MARKS: To be clear about the language on this show, we wrote this show in English, and it's adapted from a book that was written in English. And what we began to learn as we got deeper into it with Hiro Sanada, Eriko Miyagawa, two of our Japanese producers, was that there are a billion conversations that you need to have over the course of translation, not just from English into Japanese, but from English into period Japanese, where it almost kind of feels to the Japanese ear maybe more like Shakespeare would feel to the English-speaking ear. And so when you do that, there are a thousand nuances and things that you have to consider. We began to see that as we translated it.

First, a team of translators just directly translated it into Japanese, but it wasn't quite performable. So then that Japanese was given to a Japanese-speaking playwright who spoke no English, whose expertise was this period piece prose. She would give it back to our producers, who would then - Hiro and Eriko would, you know, carefully scan it and make adjustments, give it to the actors who would add their own flair and their own details, perform it. And then we would, instead of putting the subtitles on screen in post-production that we intended and wrote, we would always make sure that it was translated back by Japanese-speaking assistant editors, like a game of telephone, to see what had come out on the other side. Very often, that was exactly what we intended because we hope, you know...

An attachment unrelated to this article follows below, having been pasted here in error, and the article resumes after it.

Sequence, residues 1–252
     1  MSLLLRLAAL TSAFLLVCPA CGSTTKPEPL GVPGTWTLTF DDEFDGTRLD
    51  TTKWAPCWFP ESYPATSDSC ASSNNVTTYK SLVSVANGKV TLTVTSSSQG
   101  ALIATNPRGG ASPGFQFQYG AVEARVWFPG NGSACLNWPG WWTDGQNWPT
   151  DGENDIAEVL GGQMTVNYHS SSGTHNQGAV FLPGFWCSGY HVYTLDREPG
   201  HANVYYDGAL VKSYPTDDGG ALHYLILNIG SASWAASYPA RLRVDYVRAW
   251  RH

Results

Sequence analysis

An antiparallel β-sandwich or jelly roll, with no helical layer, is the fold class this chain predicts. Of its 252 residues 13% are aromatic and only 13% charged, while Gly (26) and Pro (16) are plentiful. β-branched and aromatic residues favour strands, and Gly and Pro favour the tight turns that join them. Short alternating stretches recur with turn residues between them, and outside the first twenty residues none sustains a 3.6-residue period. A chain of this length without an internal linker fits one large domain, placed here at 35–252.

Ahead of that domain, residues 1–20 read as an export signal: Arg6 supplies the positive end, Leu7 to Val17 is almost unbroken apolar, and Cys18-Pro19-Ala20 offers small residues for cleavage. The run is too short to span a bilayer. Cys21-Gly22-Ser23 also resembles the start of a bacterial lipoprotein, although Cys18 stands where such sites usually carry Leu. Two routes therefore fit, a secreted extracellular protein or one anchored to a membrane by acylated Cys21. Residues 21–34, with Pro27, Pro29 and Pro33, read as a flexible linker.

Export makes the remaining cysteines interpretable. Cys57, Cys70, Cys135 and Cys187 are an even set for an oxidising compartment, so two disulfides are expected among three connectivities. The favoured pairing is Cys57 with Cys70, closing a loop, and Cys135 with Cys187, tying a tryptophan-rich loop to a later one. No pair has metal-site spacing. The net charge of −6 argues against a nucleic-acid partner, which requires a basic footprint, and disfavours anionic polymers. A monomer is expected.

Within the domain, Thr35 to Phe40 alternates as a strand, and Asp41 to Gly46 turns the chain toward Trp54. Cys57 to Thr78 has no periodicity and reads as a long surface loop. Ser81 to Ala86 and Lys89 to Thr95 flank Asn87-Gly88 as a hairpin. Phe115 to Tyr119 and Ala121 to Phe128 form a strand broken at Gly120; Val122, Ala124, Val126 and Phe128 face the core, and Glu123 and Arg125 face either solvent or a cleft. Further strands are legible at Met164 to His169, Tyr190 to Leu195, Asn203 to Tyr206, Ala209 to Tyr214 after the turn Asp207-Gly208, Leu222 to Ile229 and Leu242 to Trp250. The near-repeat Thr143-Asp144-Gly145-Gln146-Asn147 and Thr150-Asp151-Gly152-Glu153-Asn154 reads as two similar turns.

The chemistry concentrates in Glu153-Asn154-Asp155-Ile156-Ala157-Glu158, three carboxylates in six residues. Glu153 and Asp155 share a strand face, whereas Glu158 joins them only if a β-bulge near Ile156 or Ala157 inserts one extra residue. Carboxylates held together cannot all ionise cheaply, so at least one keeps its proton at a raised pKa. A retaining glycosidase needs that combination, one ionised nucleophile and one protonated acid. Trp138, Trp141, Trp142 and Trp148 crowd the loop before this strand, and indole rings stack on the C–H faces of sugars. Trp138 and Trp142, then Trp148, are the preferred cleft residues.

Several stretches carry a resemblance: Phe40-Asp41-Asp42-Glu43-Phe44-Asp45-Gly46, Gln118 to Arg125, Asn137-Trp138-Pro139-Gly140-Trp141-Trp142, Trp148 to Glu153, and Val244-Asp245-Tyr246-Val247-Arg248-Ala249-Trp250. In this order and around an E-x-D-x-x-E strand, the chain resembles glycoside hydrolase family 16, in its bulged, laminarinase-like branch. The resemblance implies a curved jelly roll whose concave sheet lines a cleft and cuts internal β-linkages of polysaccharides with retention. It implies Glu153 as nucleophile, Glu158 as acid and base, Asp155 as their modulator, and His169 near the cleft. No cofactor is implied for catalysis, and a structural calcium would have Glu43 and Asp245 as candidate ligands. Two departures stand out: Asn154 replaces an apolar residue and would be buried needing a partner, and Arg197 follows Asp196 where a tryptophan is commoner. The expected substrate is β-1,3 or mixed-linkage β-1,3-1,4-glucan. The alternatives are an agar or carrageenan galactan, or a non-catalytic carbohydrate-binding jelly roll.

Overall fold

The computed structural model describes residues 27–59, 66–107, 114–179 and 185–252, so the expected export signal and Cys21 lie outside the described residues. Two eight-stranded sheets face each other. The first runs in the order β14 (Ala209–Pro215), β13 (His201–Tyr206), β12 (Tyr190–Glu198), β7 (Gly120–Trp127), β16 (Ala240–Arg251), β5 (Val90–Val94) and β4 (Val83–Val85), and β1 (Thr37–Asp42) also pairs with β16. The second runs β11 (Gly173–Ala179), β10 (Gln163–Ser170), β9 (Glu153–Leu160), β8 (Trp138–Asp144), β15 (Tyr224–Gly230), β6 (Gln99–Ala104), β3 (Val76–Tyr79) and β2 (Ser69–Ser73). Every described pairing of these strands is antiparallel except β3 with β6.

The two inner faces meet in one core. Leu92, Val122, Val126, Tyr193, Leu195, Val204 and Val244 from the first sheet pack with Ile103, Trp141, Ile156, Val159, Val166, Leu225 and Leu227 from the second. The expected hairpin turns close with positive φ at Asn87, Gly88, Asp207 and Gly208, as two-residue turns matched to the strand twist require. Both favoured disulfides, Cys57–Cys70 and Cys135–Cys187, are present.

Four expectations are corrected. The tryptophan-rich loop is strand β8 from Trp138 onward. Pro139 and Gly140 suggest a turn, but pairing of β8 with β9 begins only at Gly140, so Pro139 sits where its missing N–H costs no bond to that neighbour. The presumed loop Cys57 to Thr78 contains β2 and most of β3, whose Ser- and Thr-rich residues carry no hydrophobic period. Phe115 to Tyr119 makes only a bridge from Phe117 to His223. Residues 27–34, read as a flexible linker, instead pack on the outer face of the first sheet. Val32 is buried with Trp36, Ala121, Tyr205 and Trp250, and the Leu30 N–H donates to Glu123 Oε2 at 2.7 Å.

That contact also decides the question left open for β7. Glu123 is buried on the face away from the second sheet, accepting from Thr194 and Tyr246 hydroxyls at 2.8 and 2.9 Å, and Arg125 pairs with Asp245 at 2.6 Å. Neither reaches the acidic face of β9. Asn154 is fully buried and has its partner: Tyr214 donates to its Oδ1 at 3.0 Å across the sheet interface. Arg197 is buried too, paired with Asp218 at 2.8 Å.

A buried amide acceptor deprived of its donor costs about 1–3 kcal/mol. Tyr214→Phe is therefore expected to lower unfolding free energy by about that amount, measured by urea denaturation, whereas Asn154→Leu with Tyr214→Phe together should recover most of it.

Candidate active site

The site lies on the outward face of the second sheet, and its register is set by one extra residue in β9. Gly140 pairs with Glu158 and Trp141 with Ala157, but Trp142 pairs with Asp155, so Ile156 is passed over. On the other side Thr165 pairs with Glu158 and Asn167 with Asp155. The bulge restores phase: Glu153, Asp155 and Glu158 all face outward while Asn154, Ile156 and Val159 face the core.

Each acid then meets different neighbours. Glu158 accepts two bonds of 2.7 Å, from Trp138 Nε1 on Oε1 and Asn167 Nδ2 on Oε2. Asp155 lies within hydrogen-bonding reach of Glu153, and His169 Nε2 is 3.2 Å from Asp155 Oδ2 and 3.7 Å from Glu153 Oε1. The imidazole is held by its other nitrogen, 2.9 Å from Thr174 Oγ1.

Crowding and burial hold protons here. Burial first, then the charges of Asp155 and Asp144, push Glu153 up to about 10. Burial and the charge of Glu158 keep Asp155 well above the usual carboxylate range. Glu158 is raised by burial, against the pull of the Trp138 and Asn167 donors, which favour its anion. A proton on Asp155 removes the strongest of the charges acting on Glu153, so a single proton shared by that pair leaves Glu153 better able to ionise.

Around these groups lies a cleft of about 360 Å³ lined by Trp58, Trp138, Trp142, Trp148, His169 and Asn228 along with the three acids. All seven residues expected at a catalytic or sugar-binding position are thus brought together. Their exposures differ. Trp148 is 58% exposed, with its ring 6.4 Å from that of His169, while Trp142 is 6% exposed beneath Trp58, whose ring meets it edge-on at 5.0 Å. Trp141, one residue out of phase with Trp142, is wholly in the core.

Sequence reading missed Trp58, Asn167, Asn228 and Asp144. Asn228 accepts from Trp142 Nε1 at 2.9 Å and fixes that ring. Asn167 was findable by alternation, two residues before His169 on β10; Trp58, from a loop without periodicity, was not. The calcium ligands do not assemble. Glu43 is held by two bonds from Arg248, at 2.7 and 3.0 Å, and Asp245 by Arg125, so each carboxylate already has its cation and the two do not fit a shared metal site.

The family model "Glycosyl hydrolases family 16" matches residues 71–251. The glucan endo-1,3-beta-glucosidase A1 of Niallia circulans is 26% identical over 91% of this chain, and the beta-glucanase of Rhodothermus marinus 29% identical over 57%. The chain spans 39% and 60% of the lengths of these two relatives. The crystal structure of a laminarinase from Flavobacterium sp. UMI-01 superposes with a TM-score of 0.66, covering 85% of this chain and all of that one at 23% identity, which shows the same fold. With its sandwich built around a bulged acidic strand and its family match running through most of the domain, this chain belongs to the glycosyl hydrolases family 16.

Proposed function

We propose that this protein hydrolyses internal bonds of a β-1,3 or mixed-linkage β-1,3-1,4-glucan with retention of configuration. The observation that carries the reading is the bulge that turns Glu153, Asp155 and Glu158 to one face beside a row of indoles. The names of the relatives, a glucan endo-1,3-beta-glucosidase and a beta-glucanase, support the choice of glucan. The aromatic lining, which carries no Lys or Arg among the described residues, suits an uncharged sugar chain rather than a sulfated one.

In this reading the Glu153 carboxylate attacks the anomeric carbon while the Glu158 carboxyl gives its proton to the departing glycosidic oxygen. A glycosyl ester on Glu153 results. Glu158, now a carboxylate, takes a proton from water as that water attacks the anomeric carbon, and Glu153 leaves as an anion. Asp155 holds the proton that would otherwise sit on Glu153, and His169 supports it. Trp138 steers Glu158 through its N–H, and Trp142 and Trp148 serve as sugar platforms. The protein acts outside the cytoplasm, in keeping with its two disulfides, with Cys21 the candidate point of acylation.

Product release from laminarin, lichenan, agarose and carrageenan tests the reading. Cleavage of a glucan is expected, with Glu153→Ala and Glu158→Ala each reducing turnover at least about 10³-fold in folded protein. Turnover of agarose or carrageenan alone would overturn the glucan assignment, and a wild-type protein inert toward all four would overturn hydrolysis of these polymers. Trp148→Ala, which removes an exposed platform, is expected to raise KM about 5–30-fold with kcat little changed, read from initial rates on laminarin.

DETROW: Yeah.

MARKS: ...There was this trust process that goes through. But then sometimes there were certain ideas that emerged that just, you know, came about as a bit of the, like, kismet or magic of translation. And it turned into something, you know, greater than we could expect.